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Overall Rating

Worth A Look: 18.18%
Average: 4.55%
Pretty Bad: 0%
Total Crap: 4.55%

2 reviews, 10 user ratings

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Skin I Live In, The
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by Jay Seaver

"A grotesque beauty of a film."
5 stars

Pedro Almodovar has been dancing around doing this sort of weird sci-fi/horror movie for years (remember the silent movie sequence in "Talk to Her"?), and in a way he's still dancing - "The Skin I Live In" is so grounded in the here and now and focused on the psychological as opposed to the technological that art-house denizens who run screaming from mere "genre" can convince themselves that they're not sharing their genius with their grindhouse cousins. Their loss; the way Almodovar imports those genre elements into his world is part of what makes the movie so delicious.

We start with scientist Robert Ledgard (Antonio Banderas), a brilliant surgeon and researcher presenting a paper on the potential for synthetic skin to a conference - a topic near to his heart after his wife was horrifically burned in a car accident years ago. His colleagues are so alarmed by the ethical problems of his proposal that he assures them that it is only theoretical - and then goes home to see how the most recent graft is taking to Vera (Elena Anaya), the test subject he is keeping so isolated that she kept locked in a room in his estate, with Robert and longtime family servant Marilla (Marisa Paredes) mostly speaking to her via TV screens. And as we come to know more about Robert's complicated obsession, it becomes very clear that this set-up is not merely the result of fears of contamination.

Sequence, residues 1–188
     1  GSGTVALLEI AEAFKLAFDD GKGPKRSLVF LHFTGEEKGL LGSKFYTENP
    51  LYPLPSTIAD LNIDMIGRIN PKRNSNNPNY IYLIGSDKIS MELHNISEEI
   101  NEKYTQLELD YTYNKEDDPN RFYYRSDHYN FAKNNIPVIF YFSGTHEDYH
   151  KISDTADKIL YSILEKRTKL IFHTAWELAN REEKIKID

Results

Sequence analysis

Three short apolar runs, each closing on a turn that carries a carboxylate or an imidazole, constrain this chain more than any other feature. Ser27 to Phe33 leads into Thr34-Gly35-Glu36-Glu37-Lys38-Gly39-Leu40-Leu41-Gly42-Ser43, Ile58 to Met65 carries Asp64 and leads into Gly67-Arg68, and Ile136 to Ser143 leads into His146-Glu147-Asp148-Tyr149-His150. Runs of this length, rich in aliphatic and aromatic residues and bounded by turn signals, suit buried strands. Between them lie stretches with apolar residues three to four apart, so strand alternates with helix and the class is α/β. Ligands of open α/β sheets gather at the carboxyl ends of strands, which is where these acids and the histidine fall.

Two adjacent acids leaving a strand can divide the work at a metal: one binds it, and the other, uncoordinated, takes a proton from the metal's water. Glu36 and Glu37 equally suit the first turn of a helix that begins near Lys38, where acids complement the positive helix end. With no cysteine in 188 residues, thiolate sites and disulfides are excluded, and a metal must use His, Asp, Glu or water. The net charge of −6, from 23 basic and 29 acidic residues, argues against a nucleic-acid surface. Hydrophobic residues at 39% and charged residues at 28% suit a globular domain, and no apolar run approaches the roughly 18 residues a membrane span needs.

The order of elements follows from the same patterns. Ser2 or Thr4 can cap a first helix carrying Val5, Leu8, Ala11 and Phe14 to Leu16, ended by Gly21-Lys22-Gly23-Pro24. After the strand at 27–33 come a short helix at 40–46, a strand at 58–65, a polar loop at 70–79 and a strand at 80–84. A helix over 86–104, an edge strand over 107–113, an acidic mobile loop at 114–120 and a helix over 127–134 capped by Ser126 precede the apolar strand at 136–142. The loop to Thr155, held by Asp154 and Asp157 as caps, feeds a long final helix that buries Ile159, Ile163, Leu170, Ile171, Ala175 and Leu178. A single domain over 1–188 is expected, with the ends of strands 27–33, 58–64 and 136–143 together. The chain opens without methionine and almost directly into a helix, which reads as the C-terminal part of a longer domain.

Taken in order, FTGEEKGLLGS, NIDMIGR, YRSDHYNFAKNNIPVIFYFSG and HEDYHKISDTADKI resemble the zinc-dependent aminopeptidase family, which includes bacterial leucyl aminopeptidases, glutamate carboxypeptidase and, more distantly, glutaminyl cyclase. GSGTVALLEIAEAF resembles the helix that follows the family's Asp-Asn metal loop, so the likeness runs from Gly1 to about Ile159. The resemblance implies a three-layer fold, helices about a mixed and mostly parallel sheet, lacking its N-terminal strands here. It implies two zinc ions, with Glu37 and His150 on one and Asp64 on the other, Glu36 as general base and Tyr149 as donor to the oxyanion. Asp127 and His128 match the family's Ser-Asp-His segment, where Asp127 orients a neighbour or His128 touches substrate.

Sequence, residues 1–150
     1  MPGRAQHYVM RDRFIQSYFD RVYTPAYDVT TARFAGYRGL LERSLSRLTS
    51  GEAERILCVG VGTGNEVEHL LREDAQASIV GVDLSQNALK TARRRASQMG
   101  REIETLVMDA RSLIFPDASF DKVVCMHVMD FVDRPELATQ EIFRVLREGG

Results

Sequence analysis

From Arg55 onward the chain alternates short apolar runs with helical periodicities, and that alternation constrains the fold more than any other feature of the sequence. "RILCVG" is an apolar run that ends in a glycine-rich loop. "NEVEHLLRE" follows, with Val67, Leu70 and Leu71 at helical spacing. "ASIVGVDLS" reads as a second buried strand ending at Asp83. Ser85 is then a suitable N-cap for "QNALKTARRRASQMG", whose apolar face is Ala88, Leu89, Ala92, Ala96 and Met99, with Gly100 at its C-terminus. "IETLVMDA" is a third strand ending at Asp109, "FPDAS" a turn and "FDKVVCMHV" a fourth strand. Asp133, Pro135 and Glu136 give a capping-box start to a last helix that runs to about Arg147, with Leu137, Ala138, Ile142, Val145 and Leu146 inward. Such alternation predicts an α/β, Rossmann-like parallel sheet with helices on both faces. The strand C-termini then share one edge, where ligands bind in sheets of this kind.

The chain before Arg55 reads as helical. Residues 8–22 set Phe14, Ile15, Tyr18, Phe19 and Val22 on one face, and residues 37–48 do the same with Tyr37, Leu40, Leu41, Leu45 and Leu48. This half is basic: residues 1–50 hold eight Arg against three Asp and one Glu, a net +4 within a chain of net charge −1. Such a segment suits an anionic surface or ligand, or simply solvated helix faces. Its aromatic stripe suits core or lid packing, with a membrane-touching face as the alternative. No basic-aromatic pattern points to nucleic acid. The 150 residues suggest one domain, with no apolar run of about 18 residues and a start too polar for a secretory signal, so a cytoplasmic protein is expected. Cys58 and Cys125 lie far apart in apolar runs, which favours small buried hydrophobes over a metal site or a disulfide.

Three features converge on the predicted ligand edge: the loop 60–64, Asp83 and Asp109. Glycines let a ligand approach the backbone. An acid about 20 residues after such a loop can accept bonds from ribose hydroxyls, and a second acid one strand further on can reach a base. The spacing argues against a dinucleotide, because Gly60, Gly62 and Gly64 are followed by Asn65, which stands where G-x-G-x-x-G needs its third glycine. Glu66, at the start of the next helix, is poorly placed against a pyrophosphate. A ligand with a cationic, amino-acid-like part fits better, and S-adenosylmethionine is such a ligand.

The Skin I Live In at times seems to have more ideas in play than it knows what to do with - in fact, my impression was often of two similar screenplays not quite fully merged into one - and in the hands of a lesser director than Almodovar, it likely would have been a trite mess (I don't know how many threads are Almodovar's own and how many come from the source novel, Thierry Jonquet's Tarantula). There are thoroughly extraneous bits of soap opera, on the one hand, while Robert and Vera seem to have two different experiments and plotlines going on that are close to being at cross-purposes. Almodovar strives to make this into complexity rather than contradiction, and manages it about half the time.

Just by doing that much, though, he and Banderas have made Robert Ledgard one of the greatest mad scientists in cinema history. "Mad scientist" is a term that conjures images of pulps and simplistic comics, a simple way to create a villain who is both superhumanly capable and evil, but Ledgard is what you get when you try to make the concept work in real life: A researcher driven to make the world a better place and a psychopath craving the destruction of those he believes to be enemies. Usually, these urges are portrayed as opposing impulses, to be weighed against each other; here, they are completely intertwined. In the plot, creation is destruction, and vice versa; similarly, while Antonio Banderas digs into the arrogance and cruelty of his character with gusto, he also works an almost naďve romanticism in as well. It's a fascinatingly multifaceted character and performance, likely better than anything Banderas has done in English over the past two decades.